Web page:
At least four of these 10 mailing rules still apply today (1, 2, 3 and 14) — a couple more if you factor in inflation.

Package mailing don’ts for Christmas

  1. Don’t do up a parcel in such poor wrapping paper or in such a flimsy manner that the wrapper may he easily torn and separated from the contents.
  2. Don’t fail to put your name and address preceded by the word “from” on the upper left-hand corner of every piece of mail.
  3. Don’t fail to give full address street and number (or box), town, city, county, and state of destination.
  4. Don’t forget that many of the drug stores in the residence districts are postal stations, where stamps and money orders are sold, mail is weighed, letters and packages are registered, and postal information given.
  5. Don’t mail a parcel without previously weighing it to ascertain the amount of postage required: printed matter, 1 cent for two ounces; merchandise, 1 cent for one ounce; limit four pounds.
  6. Don’t place handkerchiefs, neckties, or other articles of merchandise in packages of printed matter, unless you prefer to pay the higher rate of postage on the whole.
  7. Don’t seal or wrap parcels in such a manner that their contents may not be easily examined, unless you desire to pay letter rates of postage.
  8. Don’t use 1-cent and 2-cent stamps for postage on heavy packages. Use the large denominations. It saves you trouble affixing them, and saves time and work in the postoffice.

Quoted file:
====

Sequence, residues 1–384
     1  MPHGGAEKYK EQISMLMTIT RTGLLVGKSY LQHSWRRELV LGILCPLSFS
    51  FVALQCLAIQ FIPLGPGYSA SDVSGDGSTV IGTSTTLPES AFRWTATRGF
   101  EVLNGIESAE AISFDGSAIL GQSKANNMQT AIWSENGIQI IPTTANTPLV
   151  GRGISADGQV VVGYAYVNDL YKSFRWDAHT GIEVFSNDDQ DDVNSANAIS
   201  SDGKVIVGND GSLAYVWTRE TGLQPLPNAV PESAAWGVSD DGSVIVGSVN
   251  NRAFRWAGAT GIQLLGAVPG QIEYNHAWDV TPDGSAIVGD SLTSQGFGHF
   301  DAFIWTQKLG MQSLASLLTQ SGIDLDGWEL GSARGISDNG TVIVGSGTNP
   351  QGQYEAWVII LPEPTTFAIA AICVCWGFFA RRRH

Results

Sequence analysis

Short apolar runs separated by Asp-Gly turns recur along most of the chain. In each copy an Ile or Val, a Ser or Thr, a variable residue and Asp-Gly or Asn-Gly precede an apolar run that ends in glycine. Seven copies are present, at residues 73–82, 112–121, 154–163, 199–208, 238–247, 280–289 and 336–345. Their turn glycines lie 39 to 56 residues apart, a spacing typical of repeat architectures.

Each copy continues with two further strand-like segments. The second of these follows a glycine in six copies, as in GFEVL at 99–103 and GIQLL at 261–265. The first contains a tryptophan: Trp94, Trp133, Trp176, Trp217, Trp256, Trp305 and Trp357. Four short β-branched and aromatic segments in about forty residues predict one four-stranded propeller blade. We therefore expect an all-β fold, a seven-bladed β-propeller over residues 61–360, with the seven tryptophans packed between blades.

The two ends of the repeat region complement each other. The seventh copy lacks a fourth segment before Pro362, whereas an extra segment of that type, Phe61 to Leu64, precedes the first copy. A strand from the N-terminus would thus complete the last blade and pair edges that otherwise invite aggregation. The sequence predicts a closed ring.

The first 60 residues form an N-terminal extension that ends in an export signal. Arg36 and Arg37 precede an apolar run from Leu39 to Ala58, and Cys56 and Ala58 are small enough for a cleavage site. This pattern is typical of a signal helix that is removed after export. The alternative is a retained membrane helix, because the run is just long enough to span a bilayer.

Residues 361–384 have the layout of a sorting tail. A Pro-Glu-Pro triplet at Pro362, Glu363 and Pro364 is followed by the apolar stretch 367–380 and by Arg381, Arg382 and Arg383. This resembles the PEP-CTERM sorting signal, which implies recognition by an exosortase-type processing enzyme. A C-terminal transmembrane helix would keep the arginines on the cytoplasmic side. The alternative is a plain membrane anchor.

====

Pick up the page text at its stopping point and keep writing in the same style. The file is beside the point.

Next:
9. Don’t lay packages on the street letter boxes, for they may never reach the post office. Package boxes are provided at convenient places, with convenient collections.
  10. Don’t fail to register valuable letters and packages. The government insures their safe delivery, and the extra cost is 5 cents.
  11. Don’t mail sealed packages of merchandise to Canada and Mexico. The rates for unsealed packages to these countries are the same as in the United States, namely, 1 cent per ounce.
  12. Don’t mail parcels of merchandise to other countries without making special inquiry regarding the regulations governing parcels post.
  13. Don’t mail jewelry and coins to foreign countries. They are positively prohibited from the mails.
  14. Don’t forget to mail parcels early. Don’t expect the post office to transmit and deliver Christmas parcels within the same number of days or hours as at other times. Allowance of from one to three days’ extra time should be made.


About this story

Source publication: Arizona Republican

Source publication date: December 19, 1910

Filed under: 1910s, Culture & lifestyle

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